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New Atlantis

It looked like a toy village -- a cluster of brightly coloured plastic houses climbing up a hill beside a wide river. Filling the space where there should have been a street was a grey plastic tube.

"It's a pilot project of the Submersible Cities Research Centre at the University of Eastern Australia," Robbie said. "You know the way most of the cities of the world will be underwater within a century because of rising sea levels. The idea is, rather than having to move, they can adapt to the new water levels, and enjoy the amenity of an aquatic environment." The phrasing sounded very rehearsed and not Robbie, but Kathy knew why.

"I gather this is one of Des's projects?" she said.

Robbie nodded. "He wanted to call it Desville, but I think it's going to be New Atlantis."

"Why's he involved?"

"He's trying to shift a stack of land on the coast where the local council has banned building because of the higher sea levels. This is to prove to them that building there will be okay, even if it does flood."

"But using someone else's money."

"Of course."

Kathy looked up the hill. "Why here? It's dry land."

"Now it is. In a few hours, it won't be." Robbie pointed down at the river, where the current was starting to flow upstream and the water was lapping at the lowest houses. "There's a big tidal range here. When it's up, it'll cover most of the houses."

"Won't they leak?"

"That's why they're plastic. It's waterproof. Carbon-fibre reinforced, so it's strong and will take knocks from any debris the river brings down. And that's why the road is enclosed, so people can get up the hill without drowning."

"Do the houses have to be so garish?" Kathy said, grimacing at the bright colours.

"That was a design decision," Robbie said. "We could have faked brick or stone or anything else, but we wanted people to see that it was a new, exciting material with great potential."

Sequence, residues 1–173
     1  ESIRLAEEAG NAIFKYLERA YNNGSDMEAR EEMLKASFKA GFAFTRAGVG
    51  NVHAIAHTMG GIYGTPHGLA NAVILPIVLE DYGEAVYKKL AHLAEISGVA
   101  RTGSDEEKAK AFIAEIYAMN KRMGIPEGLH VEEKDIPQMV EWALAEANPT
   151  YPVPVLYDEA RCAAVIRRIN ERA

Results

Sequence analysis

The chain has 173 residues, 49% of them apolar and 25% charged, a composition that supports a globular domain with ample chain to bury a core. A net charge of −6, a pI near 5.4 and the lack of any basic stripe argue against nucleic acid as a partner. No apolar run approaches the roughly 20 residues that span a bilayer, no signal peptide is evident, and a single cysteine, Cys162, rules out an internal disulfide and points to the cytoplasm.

Kathy frowned as she inspected a nearby yellow wall -- not smooth and glossy but dull and pitted. There was a high tide mark further up where the pitting stopped. She ran a finger down the wall and looked at the resulting yellow powder. "So why the stucco effect?"

Robbie looked embarrassed and tried to turn away, but Kathy fixed him with a glare.

"We don't know what it is," he said reluctantly. "It's not in the design. We think it must be acid or something in the water. We've done dozens of tests, but we can't find anything. It's probably not important."

Kathy shook her head. "I think it is important," she said. "I don't think your plastic housing will work."

Robbie glared. "Why?"

Kathy grinned. "Submersible Cities isn't the only research centre at the university. There's another one, just upstream from here. For biological control of aquatic waste. The plastic bags and bottles that are endlessly chucked into waterways and then choke the birds and fish. They're developing bacteria that eat plastic. They've been testing them in this river before going world wide." She inspected the pitted wall again. "Looks as if they're doing a good job."

Copyright D.W. Walker, 2016

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